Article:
Overview of Stinging Nettle
Scientific Name: Urtica dioica
Stinging nettle is called stinging nettle because of the "stinging hairs" (trichomes) on the leaves and stems that can cause a rash when touched. Do not eat stinging nettles raw. First stinging nettles are blanched to remove the stinging hairs, and then the water is drained. After rinsing and squeezing out any remaining water, the blanched stinging nettles are ready to be cooked and eaten like a vegetable. Do NOT confuse with Urtica ferox, a poisonous plant native to New Zealand.
- Benign Prostate Hyperplasia (BPH)/Lower Urinary Tract Symptoms (LUTS), stinging nettle alone and in combination with avocado / soya oil; and pygeum appear to be effective [1-7]
- Nonetheless, stinging nettle with saw palmetto appear to be more effective, and in one case as effective as finasteride
- Osteoarthritis/Joint Pain, stinging nettle alone and stinging nettle with fish oil / vitamin E [8-10]
- Type 2 Diabetes, including cardiovascular health in people with Type 2 Diabetes [11-13]
Conflicting (Unclear):insufficient information
- Allergic Rhinitis 
- Arthiritis, when stinging nettle was applied to the painful region of the skin 
- Burns, stinging nettle with arnica 
- Chronic Bacterial Prostatitis (CBP), stinging nettle with saw palmetto / quercetin / curcumin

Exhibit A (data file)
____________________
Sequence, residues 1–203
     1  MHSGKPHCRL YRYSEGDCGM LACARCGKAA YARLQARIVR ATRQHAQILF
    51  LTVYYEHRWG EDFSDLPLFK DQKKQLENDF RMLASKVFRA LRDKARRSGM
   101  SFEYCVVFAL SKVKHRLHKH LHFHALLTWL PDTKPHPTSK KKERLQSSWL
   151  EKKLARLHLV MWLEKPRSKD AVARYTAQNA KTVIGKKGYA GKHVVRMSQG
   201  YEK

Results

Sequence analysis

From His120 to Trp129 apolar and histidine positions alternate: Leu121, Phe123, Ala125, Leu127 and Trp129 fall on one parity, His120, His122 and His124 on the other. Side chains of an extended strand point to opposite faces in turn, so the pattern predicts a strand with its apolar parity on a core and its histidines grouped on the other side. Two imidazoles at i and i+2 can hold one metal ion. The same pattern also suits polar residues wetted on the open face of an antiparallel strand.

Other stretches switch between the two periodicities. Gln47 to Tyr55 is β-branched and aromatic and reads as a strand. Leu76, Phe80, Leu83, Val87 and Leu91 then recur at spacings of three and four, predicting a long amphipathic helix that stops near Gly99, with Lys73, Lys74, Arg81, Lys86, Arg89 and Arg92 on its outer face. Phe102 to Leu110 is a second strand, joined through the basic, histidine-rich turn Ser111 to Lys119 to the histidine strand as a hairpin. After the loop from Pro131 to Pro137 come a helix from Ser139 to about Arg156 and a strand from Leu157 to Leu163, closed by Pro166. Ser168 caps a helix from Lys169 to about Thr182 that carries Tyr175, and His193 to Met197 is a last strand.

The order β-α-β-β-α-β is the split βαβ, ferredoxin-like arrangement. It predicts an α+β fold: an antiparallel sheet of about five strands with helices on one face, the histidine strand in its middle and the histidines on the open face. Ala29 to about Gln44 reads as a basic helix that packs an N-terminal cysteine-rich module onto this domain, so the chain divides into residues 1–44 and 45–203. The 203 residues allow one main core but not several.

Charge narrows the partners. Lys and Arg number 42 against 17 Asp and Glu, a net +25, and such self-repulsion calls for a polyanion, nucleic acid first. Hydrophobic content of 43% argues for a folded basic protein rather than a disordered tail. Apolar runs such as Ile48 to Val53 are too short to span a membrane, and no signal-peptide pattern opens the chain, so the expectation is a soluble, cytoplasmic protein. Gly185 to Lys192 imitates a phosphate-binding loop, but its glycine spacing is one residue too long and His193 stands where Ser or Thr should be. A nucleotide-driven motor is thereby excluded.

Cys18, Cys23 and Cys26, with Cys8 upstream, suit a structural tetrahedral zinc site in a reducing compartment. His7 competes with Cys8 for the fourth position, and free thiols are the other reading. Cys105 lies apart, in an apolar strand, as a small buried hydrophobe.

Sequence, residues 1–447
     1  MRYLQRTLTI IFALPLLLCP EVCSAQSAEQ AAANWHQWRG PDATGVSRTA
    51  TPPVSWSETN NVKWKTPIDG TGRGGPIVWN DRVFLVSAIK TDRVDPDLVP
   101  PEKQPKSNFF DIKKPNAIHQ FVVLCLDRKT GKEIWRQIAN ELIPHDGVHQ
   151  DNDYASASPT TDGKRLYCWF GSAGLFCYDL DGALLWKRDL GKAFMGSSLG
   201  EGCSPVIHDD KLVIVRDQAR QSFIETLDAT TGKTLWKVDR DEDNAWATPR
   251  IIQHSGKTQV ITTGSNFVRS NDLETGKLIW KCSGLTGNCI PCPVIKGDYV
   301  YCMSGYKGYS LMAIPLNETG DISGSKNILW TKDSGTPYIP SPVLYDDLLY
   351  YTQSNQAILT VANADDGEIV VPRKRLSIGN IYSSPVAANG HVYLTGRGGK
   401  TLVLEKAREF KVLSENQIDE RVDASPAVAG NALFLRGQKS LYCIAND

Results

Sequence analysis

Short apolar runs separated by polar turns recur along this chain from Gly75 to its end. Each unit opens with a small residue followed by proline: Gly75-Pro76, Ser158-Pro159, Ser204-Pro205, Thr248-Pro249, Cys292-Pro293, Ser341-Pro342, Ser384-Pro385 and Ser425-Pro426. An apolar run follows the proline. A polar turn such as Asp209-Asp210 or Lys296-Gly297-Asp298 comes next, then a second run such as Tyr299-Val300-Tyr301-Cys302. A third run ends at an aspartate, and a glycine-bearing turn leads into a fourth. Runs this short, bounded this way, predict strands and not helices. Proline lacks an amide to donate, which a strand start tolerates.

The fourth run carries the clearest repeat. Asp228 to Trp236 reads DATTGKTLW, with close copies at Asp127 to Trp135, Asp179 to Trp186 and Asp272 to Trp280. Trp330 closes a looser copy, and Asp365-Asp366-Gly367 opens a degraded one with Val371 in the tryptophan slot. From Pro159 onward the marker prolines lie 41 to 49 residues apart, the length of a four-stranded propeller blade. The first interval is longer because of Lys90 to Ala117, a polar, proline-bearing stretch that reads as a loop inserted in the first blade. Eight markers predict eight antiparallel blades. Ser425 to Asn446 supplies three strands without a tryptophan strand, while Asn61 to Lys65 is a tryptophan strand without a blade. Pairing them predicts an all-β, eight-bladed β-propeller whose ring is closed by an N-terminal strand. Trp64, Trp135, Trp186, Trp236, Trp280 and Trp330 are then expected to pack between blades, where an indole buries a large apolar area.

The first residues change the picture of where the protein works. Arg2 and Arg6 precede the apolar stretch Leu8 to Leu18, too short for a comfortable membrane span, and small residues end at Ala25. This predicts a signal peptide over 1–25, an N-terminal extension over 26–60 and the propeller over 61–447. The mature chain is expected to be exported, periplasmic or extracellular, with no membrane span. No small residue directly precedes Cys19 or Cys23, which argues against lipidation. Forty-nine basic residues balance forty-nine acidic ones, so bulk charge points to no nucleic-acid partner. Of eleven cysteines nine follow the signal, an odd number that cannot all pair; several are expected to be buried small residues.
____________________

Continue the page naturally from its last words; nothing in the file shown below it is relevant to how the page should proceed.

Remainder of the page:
- Insect Bite (reduces erythema, but NOT itching), a homeopathic gel containing stinging nettle / Echinacea angustifolia / Ledum palustre / witch hazel extract 
- Stops Bleeding, stinging nettle with Thymus vulgaris / Glycyrrhiza glabra / Vitis vinifera / Alpinia officinarum [19-20]
- Gingivitis 
No Clinical Research:All other conditions.
- Allergic Skin Reactions
- Decreased Urine Flow
- Gastrointestinal Complaints
- Avoid or contact a licensed healthcare practitioner, if you are sensitive to stinging nettle or are allergic to plants in the genus Urtica, or when there is fluid retention resulting from reduced heart or kidney functions.
- Handling stinging nettle can cause intense burning for 12 hours or even longer or urticaria, but washing the affected area thoroughly with soap and water may relieve the symptoms.
- An older man who regularly drank stinging nettle tea had edematous gingivostomatitis (swelling of the mouth and its mucous membranes), which may have been a serious allergic reaction.
- After taking a combination of stinging nettle/couch grass root/willow herb/onion bulb, a diabetic man became hypoglycemia.
- Strong diuretic effects have been reported in people with arthritis, and myocardial or chronic venous insufficiencies.
- A man began developing breast and a woman began over-producing milk after taking stinging nettle.
- Topically applied fresh nettle can cause rash, stinging, itching, and tongue swelling.
- A case of upper gastrointestinal bleeding occurred while using stinging nettle.
- Do NOT give stinging nettle to children under 2 years of age.
- Stinging nettle juice can sometimes cause diarrhea.
There is not enough research on the use of supplements containing stinging nettle during pregnancy and breast-feeding, so consult a licensed healthcare practitioner before use or avoid use. A case of an infant who sucked on nipples rubbed with stinging nettle developed rashes/hives (urticaria). Stinging nettle may stimulate the uterus. [22-28]
Stinging nettle is not a "drug", the best doses have not been thoroughly established. Make sure to follow the specific product instructions and take as directed on the label, or consult a licensed healthcare practitioner before use.
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